I know that there's a problem of boneh to build tents on Shabbos. Does anyone have advice for my kids who love tying sheets between their beds?

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    I also know kids who love watching TV. Teaching them about Shabbat means saying no sometimes.
    – Double AA
    Commented Nov 19, 2018 at 18:54
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    No hetter. Although if they have a bunk bed, they can drape a sheet to hang over the bottom bunk which is apparently quite entertaining as well.
    – user6591
    Commented Nov 19, 2018 at 18:59
  • They can build their "tent" on Friday afternoon and have a "campout Shabbat"! Commented Nov 19, 2018 at 19:04
  • There's a problem(ohel arai; temporary tent). If they're under nine, I think you should be lenient and not say anything. After that, they can be taught the pertaining halachot. It would be permitted if there was an existing structure or roof that spans about seven centimeters in width and the sheet was draped over it(like @user6591 suggested) because it is permitted to add onto an ohel that existed before shabbat. Good question and very common that should be brought to parent's attention. Commented Nov 19, 2018 at 19:06
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    I asked my Rabbi, and he agrees with this answer. Said children's tents are certainly not included in the Mishnah Berurah's example of shelters.
    – user5303
    Commented Nov 25, 2018 at 12:44

1 Answer 1


Dose of Halocha writes that you should teach them how to make it in a backwards way by holding the roof, building the walls and then lowering the roof. It should work like that with chairs.

the Mishna Berura (315:1) writes that one mustn’t spread out mats or sheets like a tent on Shabbos. The Shulchan Aruch (OC 315:2) writes that if the ohel existed already, then one may add to it. Thus, one may place long tablecloths over tables or add to other structures, providing the roof is at least a tefach wide.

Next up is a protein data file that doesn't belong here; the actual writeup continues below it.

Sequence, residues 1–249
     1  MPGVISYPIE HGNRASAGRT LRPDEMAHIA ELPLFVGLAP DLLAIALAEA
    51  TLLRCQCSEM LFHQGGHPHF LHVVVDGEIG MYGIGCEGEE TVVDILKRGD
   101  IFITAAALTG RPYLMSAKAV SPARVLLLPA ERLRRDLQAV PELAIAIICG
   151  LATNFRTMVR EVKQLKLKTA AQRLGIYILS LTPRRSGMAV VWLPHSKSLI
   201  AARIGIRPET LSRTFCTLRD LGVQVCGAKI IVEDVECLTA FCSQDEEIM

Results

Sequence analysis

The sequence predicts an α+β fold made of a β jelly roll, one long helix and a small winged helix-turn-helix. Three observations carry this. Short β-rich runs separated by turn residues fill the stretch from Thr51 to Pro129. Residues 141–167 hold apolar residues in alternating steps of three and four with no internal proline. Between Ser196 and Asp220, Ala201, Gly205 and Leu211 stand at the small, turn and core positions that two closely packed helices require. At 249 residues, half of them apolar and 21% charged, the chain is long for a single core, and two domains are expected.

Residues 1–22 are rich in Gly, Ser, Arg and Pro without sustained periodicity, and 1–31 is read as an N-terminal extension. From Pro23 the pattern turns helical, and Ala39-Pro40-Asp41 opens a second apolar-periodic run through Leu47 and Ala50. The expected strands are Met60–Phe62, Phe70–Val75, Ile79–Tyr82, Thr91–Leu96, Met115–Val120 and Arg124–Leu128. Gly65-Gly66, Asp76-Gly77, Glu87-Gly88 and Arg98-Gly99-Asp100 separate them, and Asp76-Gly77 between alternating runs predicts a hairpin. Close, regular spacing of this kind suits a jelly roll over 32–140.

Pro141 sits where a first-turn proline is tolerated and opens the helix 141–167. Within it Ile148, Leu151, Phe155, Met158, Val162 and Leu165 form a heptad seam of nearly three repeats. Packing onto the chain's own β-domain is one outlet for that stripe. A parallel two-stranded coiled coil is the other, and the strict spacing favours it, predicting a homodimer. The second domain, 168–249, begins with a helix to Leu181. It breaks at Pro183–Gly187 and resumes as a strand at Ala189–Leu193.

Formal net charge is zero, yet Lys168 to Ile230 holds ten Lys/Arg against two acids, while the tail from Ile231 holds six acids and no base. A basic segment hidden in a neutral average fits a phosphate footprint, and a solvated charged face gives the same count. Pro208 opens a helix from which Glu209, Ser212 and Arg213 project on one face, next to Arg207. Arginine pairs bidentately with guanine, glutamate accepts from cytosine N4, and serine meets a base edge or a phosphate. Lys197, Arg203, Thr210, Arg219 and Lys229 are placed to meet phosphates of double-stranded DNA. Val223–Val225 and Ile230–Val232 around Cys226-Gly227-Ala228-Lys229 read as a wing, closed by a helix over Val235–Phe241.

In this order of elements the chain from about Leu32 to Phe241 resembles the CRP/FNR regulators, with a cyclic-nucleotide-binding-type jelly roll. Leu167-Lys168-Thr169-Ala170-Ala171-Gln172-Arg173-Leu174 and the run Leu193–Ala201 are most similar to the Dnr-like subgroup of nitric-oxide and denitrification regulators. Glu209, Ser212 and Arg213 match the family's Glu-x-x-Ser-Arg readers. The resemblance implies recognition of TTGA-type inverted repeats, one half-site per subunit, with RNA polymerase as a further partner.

Nonetheless, the Shulchan Aruch (OC 315:3) and Mishna Berura (315:17) write that one may build a temporary structure if they construct it in a backwards manner. Thus, one may hold up the roof and build the walls under it.

Likewise, the Shulchan Aruch (OC 315:4) writes that one mustn’t dismantle an ohel on Shabbos. Yet, R’ Yehoshua Neuwirth (Shemiras Shabbos Kehilchasa 24:22) writes that one may do so in a backwards manner, that is by raising the roof and dismantling the walls before lowering the roof.

In conclusion, as creating tents out of blankets on Shabbos is problematic, one needs to teach one’s children to build them in a backwards manner, or create them before Shabbos.

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    Here though they want to live under it. It's not like the Shulchan Arukh's case of building a bedframe
    – Double AA
    Commented Nov 19, 2018 at 19:44
  • it's irrelevant. At the end of the day, it's a temporary structure,a nd that is the halocho for a temporary structure which is derabonon.
    – Zvi
    Commented Nov 20, 2018 at 21:05
  • It's not irrelevant. A temporary structure not used for dwelling is more lenient.
    – Double AA
    Commented Nov 20, 2018 at 21:06
  • how would these sheets be different to a bed? I haven't seen that before.. Do you have a source for that?
    – Zvi
    Commented Nov 20, 2018 at 21:08
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    The Mishna Berura you cite discusses the issue of a tent used for dwelling under והיכא שפורס סדין או מחצלת לשם אהל כגון להגן מפני החמה והגשמים או כדי שיהיה ראוי להשתמש תחתיו באיזה דבר אסור is more strict than an accidental tent דבאהל עראי כזה שאינו מתכוין בעשייתו לשם אהל שתחתיו אלא לתשמיש אחר על גביו מלמעלה ורק ממילא נעשה כמו אהל למטה לא אסרו
    – Double AA
    Commented Nov 20, 2018 at 21:14

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